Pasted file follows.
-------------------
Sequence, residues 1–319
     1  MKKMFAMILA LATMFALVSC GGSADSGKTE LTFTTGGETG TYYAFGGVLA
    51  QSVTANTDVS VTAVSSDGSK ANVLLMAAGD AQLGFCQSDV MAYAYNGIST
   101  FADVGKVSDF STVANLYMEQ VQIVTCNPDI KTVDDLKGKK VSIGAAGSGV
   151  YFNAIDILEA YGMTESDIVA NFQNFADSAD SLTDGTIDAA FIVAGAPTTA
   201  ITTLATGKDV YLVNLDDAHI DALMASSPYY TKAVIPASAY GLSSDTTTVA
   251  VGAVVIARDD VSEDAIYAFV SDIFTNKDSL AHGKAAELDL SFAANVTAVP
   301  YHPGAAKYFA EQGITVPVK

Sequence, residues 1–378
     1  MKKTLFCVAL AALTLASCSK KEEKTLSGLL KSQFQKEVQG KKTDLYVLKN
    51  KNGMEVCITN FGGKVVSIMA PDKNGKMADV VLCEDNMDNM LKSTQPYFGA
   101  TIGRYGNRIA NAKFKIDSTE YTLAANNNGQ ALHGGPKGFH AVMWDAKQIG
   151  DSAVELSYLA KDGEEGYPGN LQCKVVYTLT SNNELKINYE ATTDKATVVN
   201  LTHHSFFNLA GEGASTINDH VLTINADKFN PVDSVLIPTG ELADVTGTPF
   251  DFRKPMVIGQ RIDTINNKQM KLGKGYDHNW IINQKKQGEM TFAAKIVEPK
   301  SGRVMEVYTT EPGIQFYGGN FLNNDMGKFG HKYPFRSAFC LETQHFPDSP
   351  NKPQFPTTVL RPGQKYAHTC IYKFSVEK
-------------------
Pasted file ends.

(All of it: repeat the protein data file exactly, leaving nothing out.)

Sequence, residues 1–319
     1  MKKMFAMILA LATMFALVSC GGSADSGKTE LTFTTGGETG TYYAFGGVLA
    51  QSVTANTDVS VTAVSSDGSK ANVLLMAAGD AQLGFCQSDV MAYAYNGIST
   101  FADVGKVSDF STVANLYMEQ VQIVTCNPDI KTVDDLKGKK VSIGAAGSGV
   151  YFNAIDILEA YGMTESDIVA NFQNFADSAD SLTDGTIDAA FIVAGAPTTA
   201  ITTLATGKDV YLVNLDDAHI DALMASSPYY TKAVIPASAY GLSSDTTTVA
   251  VGAVVIARDD VSEDAIYAFV SDIFTNKDSL AHGKAAELDL SFAANVTAVP
   301  YHPGAAKYFA EQGITVPVK

Sequence, residues 1–378
     1  MKKTLFCVAL AALTLASCSK KEEKTLSGLL KSQFQKEVQG KKTDLYVLKN
    51  KNGMEVCITN FGGKVVSIMA PDKNGKMADV VLCEDNMDNM LKSTQPYFGA
   101  TIGRYGNRIA NAKFKIDSTE YTLAANNNGQ ALHGGPKGFH AVMWDAKQIG
   151  DSAVELSYLA KDGEEGYPGN LQCKVVYTLT SNNELKINYE ATTDKATVVN
   201  LTHHSFFNLA GEGASTINDH VLTINADKFN PVDSVLIPTG ELADVTGTPF
   251  DFRKPMVIGQ RIDTINNKQM KLGKGYDHNW IINQKKQGEM TFAAKIVEPK
   301  SGRVMEVYTT EPGIQFYGGN FLNNDMGKFG HKYPFRSAFC LETQHFPDSP
   351  NKPQFPTTVL RPGQKYAHTC IYKFSVEK